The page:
CHRONICLE MONDAY, NOVEMBER 11, 2013 | KCCHRONICLE.COM
BULLDOGS KEEP ROLLING BATAVIA CRUISES PAST ROLLING MEADOWS, ADVANCES TO QUARTERFINALS. PAGE 4 Jeff Krage for Shaw Media
Batavia running back Anthony Scaccia (28) is congratulated after scoring a touchdown with 5:02 left in the third quarter to give the Bulldogs a 28-6 lead during a IHSA Class 6A second-round game Saturday at Rolling Meadows. Batavia won, 48-13.
LOOKING FORWARD Kane County Audubon Society Monthly meeting set ST. CHARLES – The Kane County Audubon Society monthly meeting is set for 7 p.m. Wednesday at Hickory Knolls Discovery Center, 3795 Campton Hills Road, St. Charles. The program will be “Wings and Wildflowers” with speaker Jack Pizzo. For information, call Bob Andrini at 630-584-8386.
Monthly Anime Club set at Batavia Public Library BATAVIA – The monthly meeting of the Anime Club is set for 6:30 p.m. Thursday at the Batavia Public Library, 10 S. Batavia Ave., Batavia. Teenagers ages 13 and older are invited to watch anime movies, preview new shows on DVD, and meet other anime and manga enthusiasts. No registration required. For information, teens can send email to Anime@BataviaPublicLibrary.org.
THE WEATHER High 39 Low 21 Today Colder with a little rain, then snow
High 33 Low 17
Every Day Accessory Sale Nov. 15 to 24 Excluding Seasonal Items Dress Up Your Home For the Holidays
Fall Arrangements 30% Off Christmas Weekend Special Nov. 16 to 17 Cardin Theme Cardinal T me Tree T
Tuesday Mostly cloudy and cold 210 W. STATE STREET GENEVA, ILLINOIS
Kane County Chronicle / KCChronicle.com • Monday, November 11, 2013
OUT AND ABOUT ‘Understanding Alzheimer’s Disease’ presenation in Batavia BATAVIA – Len Lecci will present “Understanding Alzheimer’s Disease” at 2 p.m. Tuesday at The Holmstad, 700 W. Fabyan Parkway, Batavia. There is no cost. RSVP to 877-391-7044 or www.RetireAtHolmstad.com/rsvp. Lecci will discuss the most common forms of dementia, their early warning signs, the physiological effects on the brain, and new and emerging treatments. He is a professor of psychology and director of clinical services at Memory Assessment and Research Services at the University of North Carolina Wilmington.
Fox Valley Volunteer Hospice offers Hope for the Holidays GENEVA – The approaching holiday season can trigger powerful emotions for those who have recently lost a loved one. Fox Valley Volunteer Hospice is offering Hope for the Holidays. Participants will gain coping skills for the holiday season and ideas for incorporating the memory of the loved one into holiday traditions. The evening will close with a short candlelight remembrance service. It is free, but registration is required in advance by calling 630-232-2233. Choose from two sessions, which run from 6:30 to 8:30 p.m., Wednesday or Dec. 9, at FVVH, 200 Whitfield Drive, Geneva.
Friends of the Batavia Public Library to hold holiday book sale BATAVIA – The Friends of the Batavia Public Library will have a holiday book sale, which will run from Friday to Dec. 31 at the library, 10 S. Batavia Ave., Batavia. A selection of individually priced gift quality and holiday themed books is available for purchase. The sale is available at the Friend’s Corner, located just inside the front doors on the main floor of the Batavia Public Library. For information, contact the Friends at firstname.lastname@example.org. Book donations may be dropped off at the library’s front desk for inclusion in future sales.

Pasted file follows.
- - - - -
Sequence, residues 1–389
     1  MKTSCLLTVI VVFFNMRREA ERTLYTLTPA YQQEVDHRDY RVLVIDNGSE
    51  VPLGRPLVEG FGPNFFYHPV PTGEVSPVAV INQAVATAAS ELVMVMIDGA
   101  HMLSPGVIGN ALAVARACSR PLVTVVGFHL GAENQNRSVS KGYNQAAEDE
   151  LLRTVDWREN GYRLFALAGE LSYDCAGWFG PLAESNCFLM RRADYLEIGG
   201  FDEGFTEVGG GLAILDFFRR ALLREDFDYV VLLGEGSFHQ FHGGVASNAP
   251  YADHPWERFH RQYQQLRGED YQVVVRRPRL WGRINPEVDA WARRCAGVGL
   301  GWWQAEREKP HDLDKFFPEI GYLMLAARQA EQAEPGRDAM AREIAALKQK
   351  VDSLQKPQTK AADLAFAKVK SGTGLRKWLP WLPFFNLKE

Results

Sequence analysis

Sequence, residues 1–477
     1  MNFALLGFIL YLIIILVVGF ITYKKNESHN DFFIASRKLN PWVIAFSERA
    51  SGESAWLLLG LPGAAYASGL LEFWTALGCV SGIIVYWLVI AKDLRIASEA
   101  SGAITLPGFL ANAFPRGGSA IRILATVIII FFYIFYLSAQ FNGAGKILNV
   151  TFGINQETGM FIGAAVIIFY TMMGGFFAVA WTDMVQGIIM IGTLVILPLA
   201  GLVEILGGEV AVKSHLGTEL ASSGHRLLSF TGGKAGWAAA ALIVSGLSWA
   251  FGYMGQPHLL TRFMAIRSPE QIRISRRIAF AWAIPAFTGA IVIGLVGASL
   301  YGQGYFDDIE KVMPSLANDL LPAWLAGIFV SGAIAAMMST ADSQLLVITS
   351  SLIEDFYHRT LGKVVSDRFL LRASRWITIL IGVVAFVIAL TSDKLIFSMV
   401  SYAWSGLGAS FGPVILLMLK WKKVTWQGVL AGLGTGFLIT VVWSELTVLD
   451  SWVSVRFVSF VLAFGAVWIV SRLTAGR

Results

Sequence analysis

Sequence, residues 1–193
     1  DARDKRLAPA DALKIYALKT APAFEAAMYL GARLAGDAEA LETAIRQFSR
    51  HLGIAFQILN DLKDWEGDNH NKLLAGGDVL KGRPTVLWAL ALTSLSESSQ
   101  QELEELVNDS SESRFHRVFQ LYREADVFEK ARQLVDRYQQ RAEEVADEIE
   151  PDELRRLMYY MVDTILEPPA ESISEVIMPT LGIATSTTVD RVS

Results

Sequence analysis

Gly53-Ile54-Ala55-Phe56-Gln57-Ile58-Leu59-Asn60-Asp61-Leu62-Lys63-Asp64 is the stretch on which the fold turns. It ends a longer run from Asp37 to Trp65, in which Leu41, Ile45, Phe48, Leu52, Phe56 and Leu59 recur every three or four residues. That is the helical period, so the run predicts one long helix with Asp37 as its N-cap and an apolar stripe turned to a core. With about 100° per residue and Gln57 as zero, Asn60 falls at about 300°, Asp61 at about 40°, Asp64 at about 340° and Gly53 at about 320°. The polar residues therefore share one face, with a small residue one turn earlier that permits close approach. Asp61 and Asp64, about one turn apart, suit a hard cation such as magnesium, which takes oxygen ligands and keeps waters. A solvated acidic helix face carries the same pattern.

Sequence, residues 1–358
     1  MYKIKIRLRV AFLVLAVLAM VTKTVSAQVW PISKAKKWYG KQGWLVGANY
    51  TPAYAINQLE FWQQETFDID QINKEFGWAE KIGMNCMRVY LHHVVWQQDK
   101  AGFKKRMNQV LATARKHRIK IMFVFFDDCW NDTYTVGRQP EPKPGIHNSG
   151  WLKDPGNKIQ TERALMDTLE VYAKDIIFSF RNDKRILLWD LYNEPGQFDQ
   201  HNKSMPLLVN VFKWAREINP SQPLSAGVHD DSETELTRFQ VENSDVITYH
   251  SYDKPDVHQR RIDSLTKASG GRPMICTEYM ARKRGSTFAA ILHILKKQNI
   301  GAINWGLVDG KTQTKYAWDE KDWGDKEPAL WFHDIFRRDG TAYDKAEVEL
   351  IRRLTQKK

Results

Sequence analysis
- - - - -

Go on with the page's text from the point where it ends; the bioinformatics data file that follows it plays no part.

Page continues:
Have news to share? To submit news to the Kane County Chronicle, send a news release to email@example.com. Be sure to include the time, the date and the place, as well as contact information.
Pet show brings more than cats and dogs By ASHLEY SLOBODA firstname.lastname@example.org ST. CHARLES – Deb Moreland, owner of Furry Friends Traveling Petting Zoo, brought many recognizable animals – including a goose, turtle and skunk – to the Chicago Pet Show this weekend, but the creature she kept on a leash routinely stumped visitors. “It’s called a Patagonian cavy,” she told them. “He’s a rodent from Argentina.” The exotic animal was among an assortment of creatures people could see at the two-day event, which ended Sunday afternoon at the Kane County Fairgrounds in St. Charles. Joe and Robyn Kovar brought their 2-year-old daughter, Lyra, to the pet show because, as the Geneva residents said, she loves animals. Which is her favorite? Both thought the girl liked dogs best. But, Robyn Kovar added, “the turtle seems to have won today.” The family had just finished meeting a 40-pound albino Burmese python named Daisy that was looped around Kris Friedenberger, a volunteer with Friends of Scales Reptile Rescue. “She’s heavy,” Friedenberger said. At 4 years old, she’s hardly done growing. Chris McKee, secretary of the group, said full-grown Burmese pythons can reach lengths of 19 feet and can weigh up to 250 pounds. Friends of Scales Reptile Rescue tries to educate people about what they are signing up for when they take various reptiles, such as snakes, in as pets,
Ashley Sloboda – email@example.com
Lemon Drop, an albino Burmese python weighing 100 pounds, greeted attendees of the Chicago Pet Show on Sunday at the Kane County Fairgrounds. Lemon Drop was brought by Friends of Scales Reptile Rescue. McKee said. He said factors that must be taken into consideration include cage size, temperature, lighting and feeding. “There’s a big responsibility there,” McKee said after explaining that a baby Burmese can grow to nearly 10 feet long in its first year. Those who wanted to leave the Chicago Pet Show with an animal could, as various groups offered pets for adoption. Saturday, for example, Open Doors Animal Rescue found homes for five